Here I come, back to you with more and important thoughts on the realm of IT infrastructure. Once again, I am not diving into a critical technical treatise, because I think we need to remember that IT is driven by people. IT infrastructure is the human face that most end users will see and hear and mock (due to our pale complexion, coke bottle glasses and honorary degree from Starfleet academy). Like it or not we are humans capable of making errors, which can be kept to a minimum if we perform our task the correct way.

Right now, I would like to touch on a subject near and dear to my heart. Logical troubleshooting, which is the methodical beginning to end way we should always be troubleshooting, well, just about anything.

I know that basic troubleshooting has become a tired cliche. There is one lovely British comedy out there ( and if you don’t know what I am talking about, you are probably not in IT infrastructure and support), which shows an IT guy replacing himself with a recording. The recording starts out “IT department. Did you turn your computer off and on again?”. Even my wife thinks all I do is ask people to reboot their machines. It is a big joke with the unenlightened (non-technical) folk.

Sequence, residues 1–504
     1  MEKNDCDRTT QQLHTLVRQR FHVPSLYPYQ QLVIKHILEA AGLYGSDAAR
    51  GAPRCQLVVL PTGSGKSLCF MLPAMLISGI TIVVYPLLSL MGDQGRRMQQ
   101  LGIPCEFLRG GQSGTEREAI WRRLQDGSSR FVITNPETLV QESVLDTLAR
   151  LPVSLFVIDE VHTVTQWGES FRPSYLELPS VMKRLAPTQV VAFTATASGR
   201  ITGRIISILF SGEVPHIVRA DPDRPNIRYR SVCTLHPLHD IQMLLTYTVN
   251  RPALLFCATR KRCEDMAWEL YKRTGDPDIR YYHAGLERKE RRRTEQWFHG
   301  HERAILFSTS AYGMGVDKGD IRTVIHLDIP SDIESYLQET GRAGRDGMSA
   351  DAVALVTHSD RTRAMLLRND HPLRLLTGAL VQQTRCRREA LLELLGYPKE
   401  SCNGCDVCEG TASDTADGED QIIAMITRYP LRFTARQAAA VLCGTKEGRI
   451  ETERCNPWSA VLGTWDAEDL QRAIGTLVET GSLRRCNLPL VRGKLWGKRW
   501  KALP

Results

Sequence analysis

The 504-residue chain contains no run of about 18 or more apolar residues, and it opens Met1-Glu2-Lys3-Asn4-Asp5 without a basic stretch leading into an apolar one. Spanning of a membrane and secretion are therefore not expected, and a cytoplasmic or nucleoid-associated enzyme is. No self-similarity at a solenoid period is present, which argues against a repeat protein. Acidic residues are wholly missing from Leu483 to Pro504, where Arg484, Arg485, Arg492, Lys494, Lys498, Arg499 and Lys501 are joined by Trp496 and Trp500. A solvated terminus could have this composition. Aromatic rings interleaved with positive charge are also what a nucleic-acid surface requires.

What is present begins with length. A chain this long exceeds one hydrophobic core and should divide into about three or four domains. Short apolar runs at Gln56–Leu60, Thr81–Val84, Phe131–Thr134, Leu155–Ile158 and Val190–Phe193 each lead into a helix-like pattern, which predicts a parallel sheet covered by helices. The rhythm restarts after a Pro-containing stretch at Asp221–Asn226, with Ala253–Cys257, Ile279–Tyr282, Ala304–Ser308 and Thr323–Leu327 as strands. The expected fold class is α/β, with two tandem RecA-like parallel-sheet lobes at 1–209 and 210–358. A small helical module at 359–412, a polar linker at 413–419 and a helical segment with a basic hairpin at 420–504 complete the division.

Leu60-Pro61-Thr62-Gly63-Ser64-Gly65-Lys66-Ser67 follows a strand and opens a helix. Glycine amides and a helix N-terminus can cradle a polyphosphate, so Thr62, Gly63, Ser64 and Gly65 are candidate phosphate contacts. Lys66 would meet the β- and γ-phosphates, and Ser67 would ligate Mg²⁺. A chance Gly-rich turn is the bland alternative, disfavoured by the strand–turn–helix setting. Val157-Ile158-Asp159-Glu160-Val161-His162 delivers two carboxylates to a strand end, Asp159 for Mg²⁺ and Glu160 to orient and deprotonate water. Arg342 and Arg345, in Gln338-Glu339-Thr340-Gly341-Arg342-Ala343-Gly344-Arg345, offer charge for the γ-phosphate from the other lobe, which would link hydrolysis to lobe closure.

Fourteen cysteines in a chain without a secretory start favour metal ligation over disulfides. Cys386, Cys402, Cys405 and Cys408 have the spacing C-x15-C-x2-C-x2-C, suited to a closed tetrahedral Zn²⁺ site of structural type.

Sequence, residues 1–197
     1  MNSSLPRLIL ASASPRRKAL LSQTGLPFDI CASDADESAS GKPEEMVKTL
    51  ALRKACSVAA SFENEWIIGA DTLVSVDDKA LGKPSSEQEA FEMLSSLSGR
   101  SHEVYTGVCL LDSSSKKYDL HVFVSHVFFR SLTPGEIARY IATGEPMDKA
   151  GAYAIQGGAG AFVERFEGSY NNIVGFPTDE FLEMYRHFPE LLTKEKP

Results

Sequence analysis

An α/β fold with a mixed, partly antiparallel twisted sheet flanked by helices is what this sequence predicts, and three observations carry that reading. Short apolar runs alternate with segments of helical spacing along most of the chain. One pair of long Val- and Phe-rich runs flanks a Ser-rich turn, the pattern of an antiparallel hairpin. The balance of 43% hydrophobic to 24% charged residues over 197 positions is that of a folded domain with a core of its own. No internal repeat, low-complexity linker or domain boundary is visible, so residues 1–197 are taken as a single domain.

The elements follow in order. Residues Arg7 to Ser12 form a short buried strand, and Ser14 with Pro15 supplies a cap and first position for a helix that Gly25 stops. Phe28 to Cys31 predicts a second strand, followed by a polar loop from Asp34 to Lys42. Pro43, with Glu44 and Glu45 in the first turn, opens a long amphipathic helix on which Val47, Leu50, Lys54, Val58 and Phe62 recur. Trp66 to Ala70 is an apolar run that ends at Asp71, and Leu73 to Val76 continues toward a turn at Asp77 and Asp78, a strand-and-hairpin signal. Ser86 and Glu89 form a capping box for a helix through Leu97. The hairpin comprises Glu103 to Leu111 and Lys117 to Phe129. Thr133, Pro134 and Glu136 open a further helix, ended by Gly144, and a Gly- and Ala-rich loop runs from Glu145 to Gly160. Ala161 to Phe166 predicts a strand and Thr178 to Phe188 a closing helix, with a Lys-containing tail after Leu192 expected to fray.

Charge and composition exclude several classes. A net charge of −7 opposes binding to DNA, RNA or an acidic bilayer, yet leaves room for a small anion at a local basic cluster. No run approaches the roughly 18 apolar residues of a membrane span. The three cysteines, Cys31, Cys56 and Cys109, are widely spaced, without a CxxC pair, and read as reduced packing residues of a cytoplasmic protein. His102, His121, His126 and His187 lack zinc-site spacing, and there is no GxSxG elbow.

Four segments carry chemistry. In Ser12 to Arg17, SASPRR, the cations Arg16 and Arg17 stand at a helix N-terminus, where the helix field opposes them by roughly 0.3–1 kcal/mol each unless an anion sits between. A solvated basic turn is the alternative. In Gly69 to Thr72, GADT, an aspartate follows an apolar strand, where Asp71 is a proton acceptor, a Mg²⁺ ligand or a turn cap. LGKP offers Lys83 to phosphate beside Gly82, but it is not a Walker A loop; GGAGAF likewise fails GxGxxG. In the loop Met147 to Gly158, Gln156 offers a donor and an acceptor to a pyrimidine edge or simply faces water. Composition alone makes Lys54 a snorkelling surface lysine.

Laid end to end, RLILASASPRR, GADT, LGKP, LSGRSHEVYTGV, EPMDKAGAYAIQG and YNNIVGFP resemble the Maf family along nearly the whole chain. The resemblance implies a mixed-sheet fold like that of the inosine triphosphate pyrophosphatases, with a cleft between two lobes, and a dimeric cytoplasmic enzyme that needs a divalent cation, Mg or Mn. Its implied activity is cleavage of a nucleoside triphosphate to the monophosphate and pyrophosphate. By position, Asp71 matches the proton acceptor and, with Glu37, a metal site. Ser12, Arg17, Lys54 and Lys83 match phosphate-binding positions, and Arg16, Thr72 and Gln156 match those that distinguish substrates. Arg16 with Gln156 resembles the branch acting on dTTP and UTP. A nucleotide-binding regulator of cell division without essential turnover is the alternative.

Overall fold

Unfortunately, it is the right way to start. Either taking a call on the help desk, or walking up to the end user’s workstation you have two goals. The first is to get that end user back to work, as quickly and efficiently as possible. At least 80 percent of the time, a reboot is going to get things working  again, and as we all know time is money. Our second goal is diagnosis, to prevent future downtime.  Now the beginning is in different locations depending on what you are working on. It is probably not a good idea to go around rebooting servers every time there is the tiniest hiccup. However, you have to start at the logical first step. Even if it feels silly, or you are certain you know how to address the issue. I guarantee you will feel tons sillier when you order those replacement parts, and someone else wanders over and discovers it just wasn’t plugged in.

If the end users see you doing it every time, they will start doing it for you. Make basic, logical troubleshooting a habit and it will help you save time and face. So, my IT friend, go forth and proudly start all your support  calls and conversations with the question – “Have you rebooted your computer?”.

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